Hundreds of people gathered at the Garfield Park fieldhouse Tuesday night in honor of slain Chicago boxer Ed “Bad Boy” Brown, who was fatally shot near his home on the West Side early Saturday.

Assembled on the lawn outside the fieldhouse’s “golden dome,” Brown’s family, teammates and coaches, along with crisis responders and clergy members, celebrated Brown’s memory and called for justice for his shooter.

Brown, 25, was sitting in a parked vehicle with a 19-year-old woman about 1:10 a.m. Saturday in the 3200 block of West Warren Boulevard when a silver vehicle pulled up and someone inside shot at them, Chicago Police said.

Ed “Bad Boy” Brown | Provided photo

Ed “Bad Boy” Brown | Provided photo

Brown, who was 20-0 in his career, was shot in the head, and the woman was shot in the left leg. Both were taken to Mount Sinai Hospital. Authorities said the woman’s condition was good.

His co-manager, Mike Cericola, previously said Brown was returning home from the gym when the shooting occurred.

According to his managers, Brown served time in jail and had been shot at least once before.

To begin the vigil, the Rev. Saeed Richardson, of Greater Bethesda Missionary Baptist Church, led a prayer. He said reaction to Brown’s death has spurred a range of emotions.

“It’s a fire that calls on us to not just honor him through our tears, but also to honor and remember him through our rage. Through our rage and our frustration,” Richardson said. “We will not rest compliant. We will not rest complacent with letting things like this happen.”

Coach George Hernandez spoke at Ed Brown's vigil outside Garfield Park boxing gym on Dec. 6, 2016. | Santiago Covarrubias/Sun-Times

Coach George Hernandez spoke at Ed Brown’s vigil outside Garfield Park boxing gym on Dec. 6, 2016. | Santiago Covarrubias/Sun-Times

Before the vigil began, George Hernandez, Brown’s longtime trainer, oversaw several young men as they trained in the gym, which had served as a second home to Brown for years.

The rumble of a speedbag echoed off the gym walls as Hernandez, smoking a cigar, sat on a bench at the southeast corner of the gym near an open door. Four young men in the ring practiced landing body blows under Brown’s vest, shoes and shorts, which hung from the ceiling.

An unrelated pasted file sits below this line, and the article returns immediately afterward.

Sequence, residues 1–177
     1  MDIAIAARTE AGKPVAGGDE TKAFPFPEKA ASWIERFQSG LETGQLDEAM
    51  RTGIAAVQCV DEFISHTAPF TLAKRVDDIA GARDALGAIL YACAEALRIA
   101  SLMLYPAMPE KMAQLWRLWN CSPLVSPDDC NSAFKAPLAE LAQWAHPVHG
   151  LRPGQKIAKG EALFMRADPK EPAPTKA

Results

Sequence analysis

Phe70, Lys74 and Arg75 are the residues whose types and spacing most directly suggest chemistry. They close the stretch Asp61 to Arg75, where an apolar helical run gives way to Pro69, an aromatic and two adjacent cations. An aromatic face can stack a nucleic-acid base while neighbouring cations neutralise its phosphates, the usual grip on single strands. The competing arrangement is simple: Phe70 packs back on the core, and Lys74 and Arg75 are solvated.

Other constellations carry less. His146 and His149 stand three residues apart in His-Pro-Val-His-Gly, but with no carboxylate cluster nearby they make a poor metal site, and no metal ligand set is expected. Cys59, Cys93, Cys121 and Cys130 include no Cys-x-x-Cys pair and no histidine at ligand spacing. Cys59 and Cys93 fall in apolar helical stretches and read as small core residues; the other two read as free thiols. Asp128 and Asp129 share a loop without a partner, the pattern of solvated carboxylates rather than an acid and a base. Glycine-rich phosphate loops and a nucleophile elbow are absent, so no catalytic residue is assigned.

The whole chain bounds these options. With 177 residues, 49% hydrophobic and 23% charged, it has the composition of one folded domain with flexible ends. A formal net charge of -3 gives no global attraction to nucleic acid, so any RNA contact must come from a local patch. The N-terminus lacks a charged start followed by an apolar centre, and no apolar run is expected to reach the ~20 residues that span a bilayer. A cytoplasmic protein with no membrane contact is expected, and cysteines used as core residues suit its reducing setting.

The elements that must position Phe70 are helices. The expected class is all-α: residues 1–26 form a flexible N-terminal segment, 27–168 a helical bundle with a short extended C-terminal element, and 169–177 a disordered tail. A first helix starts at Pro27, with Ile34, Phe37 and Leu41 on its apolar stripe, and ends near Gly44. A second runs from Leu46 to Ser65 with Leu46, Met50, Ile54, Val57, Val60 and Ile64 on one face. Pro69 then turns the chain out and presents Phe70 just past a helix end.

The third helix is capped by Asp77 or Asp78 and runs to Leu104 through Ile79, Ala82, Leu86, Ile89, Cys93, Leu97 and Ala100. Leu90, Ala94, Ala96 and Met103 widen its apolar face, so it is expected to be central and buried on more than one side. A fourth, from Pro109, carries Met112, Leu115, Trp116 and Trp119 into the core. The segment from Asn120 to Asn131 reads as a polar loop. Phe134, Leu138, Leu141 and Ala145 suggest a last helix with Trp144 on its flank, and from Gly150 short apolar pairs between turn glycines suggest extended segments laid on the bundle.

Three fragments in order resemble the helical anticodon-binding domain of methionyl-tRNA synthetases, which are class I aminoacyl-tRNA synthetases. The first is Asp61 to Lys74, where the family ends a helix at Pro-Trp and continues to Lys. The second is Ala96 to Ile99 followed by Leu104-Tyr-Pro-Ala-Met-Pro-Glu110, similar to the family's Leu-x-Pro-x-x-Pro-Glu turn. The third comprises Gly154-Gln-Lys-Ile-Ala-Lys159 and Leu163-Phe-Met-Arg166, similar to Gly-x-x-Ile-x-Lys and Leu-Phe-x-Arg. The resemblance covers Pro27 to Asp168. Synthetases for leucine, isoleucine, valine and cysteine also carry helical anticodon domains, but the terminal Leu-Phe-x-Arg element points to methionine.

Among those training Tuesday evening was DeShawn “Hurricane” Boyd, who had known Brown for 10 years and thought of him as a brother. Boyd said Brown was a constant source of motivation.

“When nobody believed in me, he always believed in me,” Boyd said.

Brown was his first sparring partner. Boyd said he last saw Brown only a few hours before he was killed.

Coach George Hernandez hugs Ed Brown's daughter, Kayla Brown, 3, while she plays in the boxing ring at Garfield Park boxing gym where her father used to train. | Santiago Covarrubias/Sun-Times

Coach George Hernandez hugs Ed Brown’s daughter, Kayla Brown, 3, while she plays in the boxing ring at Garfield Park boxing gym where her father used to train. | Santiago Covarrubias/Sun-Times

Also taking a turn in the ring was 3-year-old Kayla Brown, Ed’s daughter, who donned pink boxing gloves.

According to his managers, Brown served time in jail and had been shot at least once before.

Community activist and crisis responder Andrew Holmes told the assembled media that a $3,000 reward was being offered for any information that would lead to the arrest of Brown’s killer, which Hernandez said he was greatly looking forward to.

“I can’t wait till the day we get news that they apprehended whomever you are,” Hernandez said. “Because killing people at a distance with a fully automatic weapon is a cowardly act. That’s not the way to handle your business.”

The vigil ended with a prayer that was preceded by a 20-second-long moment of silence, one second for each of Brown’s 20 victories.

Ed Brown's coach, George Hernandez during practice at the Garfield Park fieldhouse gym before the vigil for Brown on Dec. 6, 2016. | Santiago Covarrubias/ Sun-Times

Ed Brown’s coach, George Hernandez during practice at the Garfield Park fieldhouse gym before the vigil for Brown on Dec. 6, 2016. | Santiago Covarrubias/ Sun-Times